Welcome to our rebooted “Beacon Behind the Books” series! In these times when readers are responding to our books “more than ever,” when our authors—including Aubrey Gordon, Tanya Katerí Hernández, Robin D. G. Kelley, Eboo Patel, and Gayl Jones—are appearing in the media, their ideas going viral on social media, their voices being heard on so many platforms, we thought it would be good to take a break to focus on some of the staff who work hard to find, shape, edit, produce, and promote those works. Our blog series introduces to you a staff member and gives you a behind-the-scenes look, department by department, at what goes on at our office.
For the month of February, we introduce you to Catherine Tung, our editor!
What drew you to publishing, Catherine? How did you find your way to Beacon?
I initially wanted to be a writer, and I also wanted to live in New York, where many of my best friends were already living. In my last semester of college, my thesis advisor mentioned publishing as a possible day job—an industry that, of course, is also mainly based in New York. After college, I did some internships and freelance work at various New York publishers, magazines, and agencies, and then did an MFA in fiction writing at Brooklyn College, where I studied with author and editor Nathaniel Rich. He was the first person to introduce me to line editing, which I immediately fell in love with. I came to the realization that: a.) Publishing was not a “day job”—it was an all-consuming, passion-driven career; and b.) I liked editing more than I liked writing.
My first full-time trade publishing job was at Vintage Books, where I stayed for seven years and developed a particular interest in publishing nonfiction books on social justice topics—a category that is, of course, Beacon’s main focus. When a mid-level editorial job opened here, it seemed like the perfect fit.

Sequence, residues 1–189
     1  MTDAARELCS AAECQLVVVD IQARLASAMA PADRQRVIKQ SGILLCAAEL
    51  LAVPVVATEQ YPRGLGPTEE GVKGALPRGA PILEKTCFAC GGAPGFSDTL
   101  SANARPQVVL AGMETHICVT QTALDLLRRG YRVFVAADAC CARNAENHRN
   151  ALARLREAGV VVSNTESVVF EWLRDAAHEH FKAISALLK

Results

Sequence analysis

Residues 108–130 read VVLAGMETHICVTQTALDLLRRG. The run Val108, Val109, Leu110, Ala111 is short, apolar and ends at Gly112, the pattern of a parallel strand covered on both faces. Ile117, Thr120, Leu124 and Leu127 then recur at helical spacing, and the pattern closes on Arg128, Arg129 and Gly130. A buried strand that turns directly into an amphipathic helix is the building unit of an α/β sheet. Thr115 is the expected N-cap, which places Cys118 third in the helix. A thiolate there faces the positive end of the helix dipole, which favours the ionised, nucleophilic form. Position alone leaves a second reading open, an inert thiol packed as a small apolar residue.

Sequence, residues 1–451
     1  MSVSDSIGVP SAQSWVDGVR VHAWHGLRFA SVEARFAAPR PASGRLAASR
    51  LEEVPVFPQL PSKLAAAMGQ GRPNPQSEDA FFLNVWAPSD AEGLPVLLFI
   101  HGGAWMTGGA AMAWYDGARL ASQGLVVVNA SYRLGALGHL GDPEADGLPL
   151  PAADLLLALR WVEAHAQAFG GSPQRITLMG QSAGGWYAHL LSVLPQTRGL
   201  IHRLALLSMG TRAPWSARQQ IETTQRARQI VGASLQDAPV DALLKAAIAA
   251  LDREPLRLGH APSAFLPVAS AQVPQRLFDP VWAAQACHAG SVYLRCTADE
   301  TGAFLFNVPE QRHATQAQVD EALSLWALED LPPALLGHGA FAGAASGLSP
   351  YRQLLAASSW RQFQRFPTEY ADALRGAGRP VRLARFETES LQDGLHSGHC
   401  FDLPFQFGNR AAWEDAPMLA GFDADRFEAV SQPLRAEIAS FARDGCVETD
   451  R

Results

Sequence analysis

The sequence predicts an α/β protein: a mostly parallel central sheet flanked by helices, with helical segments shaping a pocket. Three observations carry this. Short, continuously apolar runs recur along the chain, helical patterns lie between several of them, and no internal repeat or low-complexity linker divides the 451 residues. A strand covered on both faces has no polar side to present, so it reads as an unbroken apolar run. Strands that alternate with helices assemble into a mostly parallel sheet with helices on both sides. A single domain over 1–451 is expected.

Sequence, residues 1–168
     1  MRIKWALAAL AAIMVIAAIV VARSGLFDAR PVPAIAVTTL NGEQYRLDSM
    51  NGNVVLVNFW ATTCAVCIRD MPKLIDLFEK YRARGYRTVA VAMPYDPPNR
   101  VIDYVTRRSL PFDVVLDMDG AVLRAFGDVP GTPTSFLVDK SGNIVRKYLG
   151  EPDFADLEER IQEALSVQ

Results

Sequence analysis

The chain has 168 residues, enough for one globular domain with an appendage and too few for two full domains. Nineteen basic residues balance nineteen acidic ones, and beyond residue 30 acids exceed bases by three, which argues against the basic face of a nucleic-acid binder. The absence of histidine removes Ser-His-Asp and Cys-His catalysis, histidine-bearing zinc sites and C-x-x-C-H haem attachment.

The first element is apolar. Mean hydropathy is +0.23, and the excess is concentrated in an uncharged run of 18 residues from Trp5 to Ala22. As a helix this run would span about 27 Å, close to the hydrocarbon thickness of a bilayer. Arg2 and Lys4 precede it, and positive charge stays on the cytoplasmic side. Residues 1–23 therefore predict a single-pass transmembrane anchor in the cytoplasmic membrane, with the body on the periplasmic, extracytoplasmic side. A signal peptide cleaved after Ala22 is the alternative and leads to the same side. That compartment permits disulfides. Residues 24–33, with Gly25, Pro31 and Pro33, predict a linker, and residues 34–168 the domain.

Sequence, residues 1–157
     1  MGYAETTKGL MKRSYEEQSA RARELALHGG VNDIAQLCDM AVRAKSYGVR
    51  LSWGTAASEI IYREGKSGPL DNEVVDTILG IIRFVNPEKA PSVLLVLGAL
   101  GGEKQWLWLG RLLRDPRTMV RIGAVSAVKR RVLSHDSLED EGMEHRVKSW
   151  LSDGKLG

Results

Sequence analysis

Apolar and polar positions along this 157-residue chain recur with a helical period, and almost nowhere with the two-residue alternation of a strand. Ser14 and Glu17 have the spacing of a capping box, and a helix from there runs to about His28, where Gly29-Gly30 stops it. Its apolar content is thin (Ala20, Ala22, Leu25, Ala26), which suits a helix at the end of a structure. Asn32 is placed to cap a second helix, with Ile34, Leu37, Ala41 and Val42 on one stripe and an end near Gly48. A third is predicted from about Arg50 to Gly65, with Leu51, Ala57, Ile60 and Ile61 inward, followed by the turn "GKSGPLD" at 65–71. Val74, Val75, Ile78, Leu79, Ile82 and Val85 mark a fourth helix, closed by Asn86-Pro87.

What’s a typical day in the life of an editor?
It’s a constant juggling act to balance the dynamic work that I do with my colleagues—acquisitions, launch presentations, cover design meetings, etc.—with the intense one-on-one editing that happens between me and my authors. I feel fortunate that I’m able to do all this work from home, which allows for the kind of sustained, solitary focus that is so important when editing.
What are some of the challenges of being an editor? What do you find most rewarding?
The writer-editor relationship is an intense one, full of constant negotiation. It’s my job to honor the author’s views and vision while also trying to challenge them in ways I believe will make their book the best it can be. This is both the most challenging and the most rewarding part of the job.
What is one book on our list that has influenced your thinking on a particular issue?
Absolutely Aubrey Gordon’s What We Don’t Talk About When We Talk About Fat. It made me aware of the work that’s happening within the fat acceptance movement, the harmful medical myths surrounding fatness, the many ways in which fat people are marginalized, and our need as a society to dismantle fatphobia.
What current projects are you excited about?
I’ve been working to establish a new sexuality list at Beacon, and this summer, we’ll be publishing the first two books in that list: Superfreaks by Arielle Greenberg, a book on kink; and Desire by licensed sex therapists Lauren Fogel Mersy and Jennifer Vencill, a book on libido differences. We are working towards a world that is free from sexual shame!
Chicken and rice of all kinds.
Best vacation destination?
What are you reading right now?
I just finished reading a history of the Cambodian Revolution called When the War Was Over by Elizabeth Becker. It’s a difficult read but immensely illuminating, not only on the history of Cambodia but on Southeast Asia and communist movements of the twentieth century.
What’s the next queued song on your music player?
“Speak Low,” Ella Fitzgerald and Joe Pass.
Hobbies outside of work?
Songwriting, musicmaking, vegetable gardening, cooking, knitting baby sweaters, and playing with my cat.
Catherine Tung joined Beacon Press in late 2019 after seven years at Vintage Books, where she acquired in memoir, fiction, and nonfiction titles on politics, disability, cultural studies, and mental health. At Beacon, she is actively developing a list focused on oral history, urban planning, sexuality, and Asian American writing. Outside the office, she enjoys musicmaking, community building, knitting, gardening, and friendly debates over bourbon.